Table saw issue - Woodworking Talk - Woodworkers Forum
 
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post #1 of 12 Old 11-17-2019, 10:59 AM Thread Starter
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So, I'm still new to woodworking. Wondering if someone here could help. I'm trying to tune my tablesaw. It's not a top dollar saw by any means. Older craftsman. It's not great but it gets the job done. The issue I have is that when making rip cuts, it will start off cutting straight but about half way through the blade will deflect off the line to one side (usually the left) and then come back center near the end of the cut. Essentially it cuts an ever so slight arc. Maybe 1/32" difference between the center and each end. And each end ends up dead on with each other. By marking a line all the way down the cut you can watch it happen.

I've checked the trunion or whatever it's called. The part the blade mounts in. It's all tight and square. The fence is perfectly square to the blade. Riving knife is perfectly in line with the blade. Blade is at a perfect 90 to the table. Blade is brand new and true. Am I missing something?

Last edited by Pistol; 11-17-2019 at 11:02 AM.
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post #2 of 12 Old 11-17-2019, 11:25 AM
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Is the wood jointed properly? If youve legitimately checked everything on the saw, then blade deflection, fence deflection, or improperly jointed wood can cause skewed cuts.

Did you actually check the blade for flatness? Reason i ask is one of my blades recently warped out cutting some super hard exotic woods and threw everything out of whack. Blade "looked ok" until i fully raised it and checked with a square. Was basically cupped forward into the fence.

A good dummy check is to not use your current fence and clamp a straight guide on the left of the blade and attempt a cut that way. Should help narrow things down. Also check the width of the actual saw cut to the kerf of the blade, can also tell some good stories.
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post #3 of 12 Old 11-17-2019, 12:36 PM
where's my table saw?
 
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Is the board's edge curved .....?

IF, and that's a big IF the saw is properly set up blade and fence parallel to a miter slot so they end up being parallel to one another and the new blade is flat, not warped there shouldn't be any issues except .....

A slight curve on the edge against the fence "may" result in duplicating that same curve on the saw cut side. Feed pressure must be even or the blade will try to stall. Overheating from force feeding will warp the blade also.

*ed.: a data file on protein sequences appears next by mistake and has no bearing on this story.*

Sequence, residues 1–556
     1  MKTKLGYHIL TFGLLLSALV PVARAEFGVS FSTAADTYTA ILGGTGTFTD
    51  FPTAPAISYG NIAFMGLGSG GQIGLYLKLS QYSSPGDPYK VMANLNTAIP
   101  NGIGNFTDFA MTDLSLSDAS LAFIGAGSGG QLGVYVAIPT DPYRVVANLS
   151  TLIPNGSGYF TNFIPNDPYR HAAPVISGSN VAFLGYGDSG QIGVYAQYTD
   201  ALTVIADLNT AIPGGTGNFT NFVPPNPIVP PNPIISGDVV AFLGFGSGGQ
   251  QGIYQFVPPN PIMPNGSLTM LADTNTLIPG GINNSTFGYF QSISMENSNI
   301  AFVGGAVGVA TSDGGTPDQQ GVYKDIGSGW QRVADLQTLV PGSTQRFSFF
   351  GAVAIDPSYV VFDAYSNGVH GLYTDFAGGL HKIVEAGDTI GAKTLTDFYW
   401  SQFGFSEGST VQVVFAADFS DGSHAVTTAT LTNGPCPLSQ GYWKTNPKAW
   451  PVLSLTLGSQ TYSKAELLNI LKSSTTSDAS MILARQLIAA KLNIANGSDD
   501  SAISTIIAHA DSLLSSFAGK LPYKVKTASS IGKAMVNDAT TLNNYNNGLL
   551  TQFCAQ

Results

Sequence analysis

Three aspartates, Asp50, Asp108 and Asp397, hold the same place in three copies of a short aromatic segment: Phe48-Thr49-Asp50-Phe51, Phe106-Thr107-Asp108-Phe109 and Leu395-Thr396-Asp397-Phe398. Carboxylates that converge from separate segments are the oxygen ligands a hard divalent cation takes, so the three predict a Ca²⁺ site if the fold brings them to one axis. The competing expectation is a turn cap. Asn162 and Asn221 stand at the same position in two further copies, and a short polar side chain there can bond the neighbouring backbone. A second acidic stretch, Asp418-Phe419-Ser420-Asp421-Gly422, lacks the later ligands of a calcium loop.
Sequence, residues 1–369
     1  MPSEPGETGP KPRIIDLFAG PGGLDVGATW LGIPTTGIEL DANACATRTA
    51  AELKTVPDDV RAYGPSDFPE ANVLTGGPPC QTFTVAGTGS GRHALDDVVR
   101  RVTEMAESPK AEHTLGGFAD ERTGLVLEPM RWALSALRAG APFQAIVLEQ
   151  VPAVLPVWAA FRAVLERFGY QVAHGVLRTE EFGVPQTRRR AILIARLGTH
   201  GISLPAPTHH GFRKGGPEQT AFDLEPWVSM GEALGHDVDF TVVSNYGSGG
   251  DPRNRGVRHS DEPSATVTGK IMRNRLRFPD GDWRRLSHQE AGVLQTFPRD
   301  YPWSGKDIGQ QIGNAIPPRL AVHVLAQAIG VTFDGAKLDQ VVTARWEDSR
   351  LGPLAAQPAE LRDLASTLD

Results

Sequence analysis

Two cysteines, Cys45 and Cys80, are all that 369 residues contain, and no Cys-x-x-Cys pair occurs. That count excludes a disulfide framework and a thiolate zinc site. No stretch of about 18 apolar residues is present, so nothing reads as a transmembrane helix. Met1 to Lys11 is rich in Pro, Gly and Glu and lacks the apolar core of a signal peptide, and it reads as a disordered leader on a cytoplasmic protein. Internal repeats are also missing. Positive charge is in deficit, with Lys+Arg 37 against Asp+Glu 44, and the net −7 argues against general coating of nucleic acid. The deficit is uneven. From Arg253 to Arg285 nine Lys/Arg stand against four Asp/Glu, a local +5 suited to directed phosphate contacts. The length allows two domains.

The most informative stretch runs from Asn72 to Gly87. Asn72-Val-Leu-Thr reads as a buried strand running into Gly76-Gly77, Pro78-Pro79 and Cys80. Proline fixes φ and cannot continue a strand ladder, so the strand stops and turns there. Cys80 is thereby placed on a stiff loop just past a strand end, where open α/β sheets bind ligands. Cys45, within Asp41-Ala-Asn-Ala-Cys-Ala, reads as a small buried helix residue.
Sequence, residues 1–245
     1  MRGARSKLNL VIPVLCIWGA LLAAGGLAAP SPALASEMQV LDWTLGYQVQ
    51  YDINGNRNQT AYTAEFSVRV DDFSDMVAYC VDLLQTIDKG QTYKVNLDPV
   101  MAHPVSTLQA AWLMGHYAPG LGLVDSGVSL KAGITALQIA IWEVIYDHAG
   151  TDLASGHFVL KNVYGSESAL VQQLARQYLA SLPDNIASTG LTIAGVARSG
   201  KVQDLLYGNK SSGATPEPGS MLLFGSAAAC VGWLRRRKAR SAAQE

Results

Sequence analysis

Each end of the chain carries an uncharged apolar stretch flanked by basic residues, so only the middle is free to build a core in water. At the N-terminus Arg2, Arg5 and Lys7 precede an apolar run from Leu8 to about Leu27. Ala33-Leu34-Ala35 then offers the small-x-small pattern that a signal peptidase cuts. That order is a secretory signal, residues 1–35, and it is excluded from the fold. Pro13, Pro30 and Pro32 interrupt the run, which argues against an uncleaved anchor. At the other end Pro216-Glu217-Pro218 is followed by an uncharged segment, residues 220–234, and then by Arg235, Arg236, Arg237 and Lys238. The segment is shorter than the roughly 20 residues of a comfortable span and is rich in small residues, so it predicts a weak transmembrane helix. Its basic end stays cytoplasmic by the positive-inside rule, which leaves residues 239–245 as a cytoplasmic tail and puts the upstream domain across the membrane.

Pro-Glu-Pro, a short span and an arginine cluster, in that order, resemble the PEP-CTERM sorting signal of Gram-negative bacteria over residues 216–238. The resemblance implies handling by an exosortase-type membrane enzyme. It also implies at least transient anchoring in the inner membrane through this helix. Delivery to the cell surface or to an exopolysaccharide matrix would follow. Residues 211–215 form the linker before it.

Try this. Take your freshly cut board and insert it back against the fence and "recut it" without changing the fence. See if any more material gets removed. Then move the fence over 1/32" and make another pass and see how much material gets removed.


Let us know what happens.

The answer to your question will only be as detailed and specific as the question is detailed and specific. Good questions also include a sketch or a photo that illustrates your issue. (:< D)

Last edited by woodnthings; 11-17-2019 at 12:39 PM.
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post #4 of 12 Old 11-18-2019, 01:31 AM
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I am also wondering if the edges of the boards that are against the fence are straight?

Wise men speak because they have something to say; fools because they have to say something -Plato

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post #5 of 12 Old 11-18-2019, 08:40 AM Thread Starter
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Yes, fence edge is jointed properly. I always start by jointing one face then one edge. Then run through my planer for the other face. Other edge is trimmed on the table saw. I'm a bit OCD about square and flat so I'm constantly checking. Crazy the way wood moves. Had a board actually pop apart once because of grain tension as I was cutting. Got to the last 8 inches or so and it popped right apart without touching the blade.
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post #6 of 12 Old 11-18-2019, 10:02 AM
where's my table saw?
 
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Wood tension ....

When some woods are ripped, they either contract or open at the kerf. This may be the cause of your issue. Try a different species or a different piece and see what you get. Another cause may be that your are allowing the saw to remove slightly more material by varying your feed rate in the center...? Does the curve look like ) or like ( after the cut?